Background: Ultrasound-guided plantar fascia release offers the surgeon clear visualization of anatomy at the surgical site. This technique uses small arthroscopic dissecting instruments through a 0.5-cm incision, allowing the surgeon to avoid the larger and more tissue-disruptive incision that is traditionally used for plantar heel spur resection and plantar fascia releases.
Methods: Forty-one patients (46 feet) were selected for the study. The mean patient age was 47 years. Twenty-nine were considered obese with a body mass index greater than 30 kg/m2. Patients were functionally and subjectively evaluated 4 weeks after surgery using the American Orthopedic Foot and Ankle Society Ankle and Hindfoot Rating Scale.
Results: Results from the study show a significant improvement (P = .05 confidence level) 4 weeks postoperatively for the 41 patients (46 feet), compared to their preoperative condition. The mean pretest score was 33.6 (range 10–52); this score improved to 88.0 (range 50–100), 4 weeks postoperatively. There were no postoperative infections or complications.
Conclusions: The ultrasound-guided plantar fascia release technique is a practical surgical procedure for the relief of chronic plantar fascia pain because the surgeon is able to clearly visualize the plantar fascia by ultrasound. In addition, there is minimal disruption to surrounding tissue because small instruments are passed through a small 0.5-cm incision. The traditional open method of heel spur surgery, in contrast, uses a larger skin incision of 3 to 5 cm, followed by larger instruments to dissect to the plantar fascia. (J Am Podiatr Med Assoc 99(3): 183–190, 2009)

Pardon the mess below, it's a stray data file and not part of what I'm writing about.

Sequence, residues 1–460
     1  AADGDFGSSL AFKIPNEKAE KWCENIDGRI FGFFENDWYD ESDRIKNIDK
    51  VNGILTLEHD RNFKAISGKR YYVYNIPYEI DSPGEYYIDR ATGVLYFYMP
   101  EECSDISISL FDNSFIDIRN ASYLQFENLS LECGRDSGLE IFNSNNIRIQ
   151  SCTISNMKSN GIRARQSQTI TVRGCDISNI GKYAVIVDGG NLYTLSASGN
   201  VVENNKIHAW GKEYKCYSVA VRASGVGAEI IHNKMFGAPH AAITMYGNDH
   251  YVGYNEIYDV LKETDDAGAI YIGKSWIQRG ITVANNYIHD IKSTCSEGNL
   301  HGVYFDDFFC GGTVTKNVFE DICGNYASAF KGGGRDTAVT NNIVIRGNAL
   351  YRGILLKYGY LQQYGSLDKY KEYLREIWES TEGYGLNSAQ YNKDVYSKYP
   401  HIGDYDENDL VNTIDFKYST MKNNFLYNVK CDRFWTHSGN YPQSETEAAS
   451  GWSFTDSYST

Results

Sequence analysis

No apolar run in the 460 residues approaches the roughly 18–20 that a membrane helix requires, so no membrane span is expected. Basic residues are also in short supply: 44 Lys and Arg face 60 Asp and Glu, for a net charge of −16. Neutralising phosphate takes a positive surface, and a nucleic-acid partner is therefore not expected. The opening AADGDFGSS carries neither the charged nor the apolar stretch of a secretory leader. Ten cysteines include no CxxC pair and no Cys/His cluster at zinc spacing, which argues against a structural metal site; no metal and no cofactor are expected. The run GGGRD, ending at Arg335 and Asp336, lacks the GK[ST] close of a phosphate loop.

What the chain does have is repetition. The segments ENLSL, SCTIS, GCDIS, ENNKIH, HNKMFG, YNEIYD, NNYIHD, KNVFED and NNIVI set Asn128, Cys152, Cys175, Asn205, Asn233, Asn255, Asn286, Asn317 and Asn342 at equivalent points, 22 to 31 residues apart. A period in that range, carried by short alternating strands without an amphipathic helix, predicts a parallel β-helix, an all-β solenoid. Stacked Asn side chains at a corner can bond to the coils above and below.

The authors measured the thickness of the medial, central, and lateral bands of the plantar fascia using ultrasonographic techniques in 109 symptomatic patients with 211 painful heels. Plantar fasciitis was diagnosed by the presence of plantar heel pain and tenderness of the plantar fascia on palpation and was correlated with plantar fascia thickness. All of the symptomatic feet had medial band tenderness, with an average thickness of 5.9 mm, 68% had central band tenderness, with an average thickness of 5.3 mm, and 26% had lateral band tenderness, with an average thickness of 4.4 mm. The average thickness of all symptomatic bands was 5.35 mm, which was significantly greater than that for all asymptomatic bands, which was 2.70 mm. There were also significant differences in the thickness of the three plantar fascia bands in symptomatic patients. A plantar fascia index was established consisting of the ratio of the mean thickness of symptomatic medial, central, and lateral plantar fascia bands to that of asymptomatic bands; for this study, the index value is 1.98 (5.35/2.70 mm). (J Am Podiatr Med Assoc 92(8): 444-449, 2002)